FX Arbitrage CBN Will Have to Make Big Call on Devaluation –Agusto
Godwin Emefiele - Governor, Central Bank of Nigeria.

FX Arbitrage: CBN Will Have to Make Big Call on Devaluation –Agusto

Noting the arbitrage activities in the foreign exchange (FX) market, experts at Agusto and Co , research and credit rating firm said that the Central Bank of Nigeria (CBN) is expected to make big call on devaluation in 2021.

Nigeria’s local currency has been struggling to maintain value in the foreign exchange market despite the monetary policy authority intervention.

However, there exists gap between rates in the Investors and Exporters Window and parallel market which seems comes close to non-deliverable forward rates.

In its macroeconomic report, Agusto explained that the naira is currently trading at an unhealthy arbitrage of N80 to ₦100 to a dollar between the parallel and the official market as monetary authorities struggle to maintain stability in the foreign exchange market.

Agusto report explained that the odds against the naira in the foreign exchange market are in two folds.

According to the report, the firm considered that first, there are the long-term fundamental issues.

It explained that with naira inflation projected to be stubbornly stuck above 15% in 2021 and dollar inflation at a benign 2%, the odds against the naira indicate an inflation rate differential of about 14% between the two currencies.

“The principle behind the inflation rate differential implies that the erosion in the value of the naira measured by inflation is significantly greater than the dollar.

“Thus, the 13% inflation differential should result in the naira’s depreciation against the dollar in similar measures.

“Once again, this reiterates the need to pare back inflation in Nigeria”, Agusto stated in the report.

However, the firm also said the second major issue is the demand-supply dynamics in the foreign exchange market.

It noted that Nigeria has entered a period of low oil and gas export revenues.

“In 2021, we project about $30 billion in oil & gas exports, down 20% from about $36 billion in 2020”, Agusto said.

Experts explained further that with net foreign investment also likely to be in negative in 2021 due to the demand management strategy of the Central Bank, there will be significant pressure on reserves and the naira/US dollar exchange rates.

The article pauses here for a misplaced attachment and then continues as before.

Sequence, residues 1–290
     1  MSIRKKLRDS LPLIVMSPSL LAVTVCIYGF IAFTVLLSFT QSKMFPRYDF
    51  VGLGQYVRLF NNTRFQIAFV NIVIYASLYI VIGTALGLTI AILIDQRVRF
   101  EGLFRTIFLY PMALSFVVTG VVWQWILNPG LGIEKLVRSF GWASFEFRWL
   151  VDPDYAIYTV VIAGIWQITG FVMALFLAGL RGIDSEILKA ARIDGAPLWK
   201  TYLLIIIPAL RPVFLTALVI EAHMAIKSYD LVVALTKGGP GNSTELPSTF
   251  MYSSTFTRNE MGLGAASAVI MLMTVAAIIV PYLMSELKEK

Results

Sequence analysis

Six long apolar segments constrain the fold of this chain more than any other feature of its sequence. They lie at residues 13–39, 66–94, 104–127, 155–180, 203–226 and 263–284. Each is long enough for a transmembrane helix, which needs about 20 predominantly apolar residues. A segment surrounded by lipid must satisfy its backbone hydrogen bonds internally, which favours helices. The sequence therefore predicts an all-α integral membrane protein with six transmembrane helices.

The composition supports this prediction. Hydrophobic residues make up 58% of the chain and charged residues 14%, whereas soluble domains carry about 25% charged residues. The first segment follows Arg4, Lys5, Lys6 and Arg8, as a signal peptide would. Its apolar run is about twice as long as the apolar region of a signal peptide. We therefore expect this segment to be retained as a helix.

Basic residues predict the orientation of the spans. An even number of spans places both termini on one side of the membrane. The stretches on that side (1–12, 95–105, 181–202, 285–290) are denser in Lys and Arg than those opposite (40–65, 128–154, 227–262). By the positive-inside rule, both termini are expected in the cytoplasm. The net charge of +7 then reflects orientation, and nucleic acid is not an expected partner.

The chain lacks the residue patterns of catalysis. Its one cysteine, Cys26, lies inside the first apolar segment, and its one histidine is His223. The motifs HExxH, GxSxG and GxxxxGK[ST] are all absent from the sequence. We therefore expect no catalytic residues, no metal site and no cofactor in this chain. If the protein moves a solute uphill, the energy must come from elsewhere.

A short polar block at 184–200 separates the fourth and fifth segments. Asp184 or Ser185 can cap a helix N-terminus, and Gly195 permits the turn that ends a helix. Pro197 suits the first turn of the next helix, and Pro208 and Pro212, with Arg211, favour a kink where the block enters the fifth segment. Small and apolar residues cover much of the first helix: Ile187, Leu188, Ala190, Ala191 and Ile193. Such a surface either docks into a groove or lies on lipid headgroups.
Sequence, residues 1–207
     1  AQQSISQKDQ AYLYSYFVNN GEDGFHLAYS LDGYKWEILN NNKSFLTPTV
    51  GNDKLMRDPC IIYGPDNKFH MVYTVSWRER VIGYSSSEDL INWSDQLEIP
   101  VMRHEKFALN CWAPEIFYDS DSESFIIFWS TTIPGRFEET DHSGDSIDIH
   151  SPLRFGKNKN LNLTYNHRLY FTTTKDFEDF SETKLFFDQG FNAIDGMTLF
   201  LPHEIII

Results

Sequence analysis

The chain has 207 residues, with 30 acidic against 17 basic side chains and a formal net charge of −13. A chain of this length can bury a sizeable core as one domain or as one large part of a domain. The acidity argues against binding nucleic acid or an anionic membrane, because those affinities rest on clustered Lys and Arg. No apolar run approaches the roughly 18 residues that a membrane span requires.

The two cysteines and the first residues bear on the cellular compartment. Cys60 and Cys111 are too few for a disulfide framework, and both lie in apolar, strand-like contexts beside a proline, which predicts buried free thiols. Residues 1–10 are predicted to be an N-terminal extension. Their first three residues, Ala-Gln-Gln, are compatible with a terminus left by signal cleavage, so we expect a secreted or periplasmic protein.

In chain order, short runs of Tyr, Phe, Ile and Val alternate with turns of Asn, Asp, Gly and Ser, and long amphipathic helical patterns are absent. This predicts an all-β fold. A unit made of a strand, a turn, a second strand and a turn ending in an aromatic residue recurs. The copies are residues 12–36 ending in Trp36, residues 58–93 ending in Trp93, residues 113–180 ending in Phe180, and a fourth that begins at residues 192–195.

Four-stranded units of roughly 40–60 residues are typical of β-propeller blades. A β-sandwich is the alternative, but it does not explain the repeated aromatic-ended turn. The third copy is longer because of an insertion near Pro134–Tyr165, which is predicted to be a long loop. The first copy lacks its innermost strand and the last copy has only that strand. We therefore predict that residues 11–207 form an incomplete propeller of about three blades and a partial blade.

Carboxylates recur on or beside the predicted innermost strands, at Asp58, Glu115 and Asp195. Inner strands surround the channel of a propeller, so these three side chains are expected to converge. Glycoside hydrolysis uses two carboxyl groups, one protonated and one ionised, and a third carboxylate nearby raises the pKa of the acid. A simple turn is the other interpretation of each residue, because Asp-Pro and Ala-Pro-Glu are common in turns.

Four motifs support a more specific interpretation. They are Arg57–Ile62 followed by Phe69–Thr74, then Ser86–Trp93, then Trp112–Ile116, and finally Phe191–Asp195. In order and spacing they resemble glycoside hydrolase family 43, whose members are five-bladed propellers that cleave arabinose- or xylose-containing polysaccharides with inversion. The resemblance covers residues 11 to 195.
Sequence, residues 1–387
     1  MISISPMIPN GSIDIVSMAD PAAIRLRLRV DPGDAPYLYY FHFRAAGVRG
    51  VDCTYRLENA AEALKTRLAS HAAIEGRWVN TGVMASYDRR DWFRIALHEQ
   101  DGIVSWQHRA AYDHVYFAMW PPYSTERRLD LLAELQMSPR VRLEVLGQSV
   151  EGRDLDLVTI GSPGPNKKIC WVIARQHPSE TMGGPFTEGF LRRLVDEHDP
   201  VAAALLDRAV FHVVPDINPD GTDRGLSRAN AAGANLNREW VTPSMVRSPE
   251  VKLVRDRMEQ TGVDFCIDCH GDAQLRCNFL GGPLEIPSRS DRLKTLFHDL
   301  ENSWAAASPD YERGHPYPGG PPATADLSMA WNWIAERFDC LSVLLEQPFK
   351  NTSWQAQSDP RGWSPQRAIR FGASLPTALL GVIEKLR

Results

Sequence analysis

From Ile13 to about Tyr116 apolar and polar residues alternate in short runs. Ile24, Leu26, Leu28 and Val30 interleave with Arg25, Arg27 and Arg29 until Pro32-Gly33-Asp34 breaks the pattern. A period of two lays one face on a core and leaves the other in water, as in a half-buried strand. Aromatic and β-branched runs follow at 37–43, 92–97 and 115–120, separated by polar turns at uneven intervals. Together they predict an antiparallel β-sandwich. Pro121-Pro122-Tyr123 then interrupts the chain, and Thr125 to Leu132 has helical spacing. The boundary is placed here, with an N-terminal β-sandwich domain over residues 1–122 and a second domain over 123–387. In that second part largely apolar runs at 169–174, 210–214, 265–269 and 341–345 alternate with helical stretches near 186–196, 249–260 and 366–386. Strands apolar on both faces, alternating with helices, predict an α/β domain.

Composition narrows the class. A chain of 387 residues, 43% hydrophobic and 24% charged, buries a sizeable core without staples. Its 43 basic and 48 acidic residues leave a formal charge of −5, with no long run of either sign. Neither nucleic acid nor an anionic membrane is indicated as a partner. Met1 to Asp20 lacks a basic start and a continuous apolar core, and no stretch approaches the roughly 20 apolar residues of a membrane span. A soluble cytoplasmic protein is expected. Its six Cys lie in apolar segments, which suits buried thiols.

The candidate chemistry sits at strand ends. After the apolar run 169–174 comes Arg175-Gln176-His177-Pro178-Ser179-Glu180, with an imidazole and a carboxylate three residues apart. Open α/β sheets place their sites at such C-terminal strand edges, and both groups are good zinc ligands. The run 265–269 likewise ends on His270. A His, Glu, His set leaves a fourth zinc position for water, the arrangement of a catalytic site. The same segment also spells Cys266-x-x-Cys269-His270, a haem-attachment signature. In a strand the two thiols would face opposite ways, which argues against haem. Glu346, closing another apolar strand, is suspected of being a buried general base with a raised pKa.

“With foreign reserves stubbornly stuck below the $40 billion threshold since mid-November 2019, and currently around the $35 billion mark, the CBN has less dry powder to defend the naira at N390/$”, the firm added.

In 2021, the CBN will have to make a big call on devaluation with very little leeway to this decision, Agusto said.

Meanwhile, the agency stated further the cost of an indecision on this issue in 2016 led to the recession.

“The 2021 scenario is even more complex as Nigeria is now caught between a rock –the pandemic– and a hard place – the foreign exchange illiquidity – and the cost of indecision this time around will come with greater consequences than in 2016.

“On the other end, we note that there are three significant upsides inherent in the unification of the exchange rates in the market.

“The first of these upsides is that the unification of exchange rates will pare back currency speculation as more high net worth investors (HNIs) are divesting from the naira while increasing foreign currency exposures”, the firm stated.

Agusto said secondly, the currency unification will stimulate investor confidence, shore up foreign direct investment and foreign portfolio investment once again.

It said Nigeria’s FDI position fell to less than a billion dollars in 2020 reaching a decade low as the currency arbitrage hurts investor confidence.

Also, the firm said, businesses operating in the country are subjected to increased operational difficulties owing to the currency situation.

Experts noted that as more businesses are unable to meet foreign currency demands on the official market, they resort to the parallel market and then pass on the higher exchange rate costs to consumers thus stoking inflation.

“Despite this grim foreign exchange position, we note that Nigeria is not overleveraged in foreign currency terms especially when compared to other key economies in sub-Saharan African peers.

“While Nigeria has a foreign currency debt position of 56% to its current account receipts, Kenya and Ghana have positions of over 180% and 70% respectively.

“However, with local currency debts especially the short-term treasuries being raised at less than 3% – thus leaving investors with over 10% in negative real interest rates – the federal government is quite incentivised to raise more local currency debt than foreign currency debt.

“Overall, the big question for followers of the foreign exchange market will be “if the CBN will cave in and devalue the naira in 2021”, Agusto explained.

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FX Arbitrage: CBN Will Have to Make Big Call on Devaluation –Agusto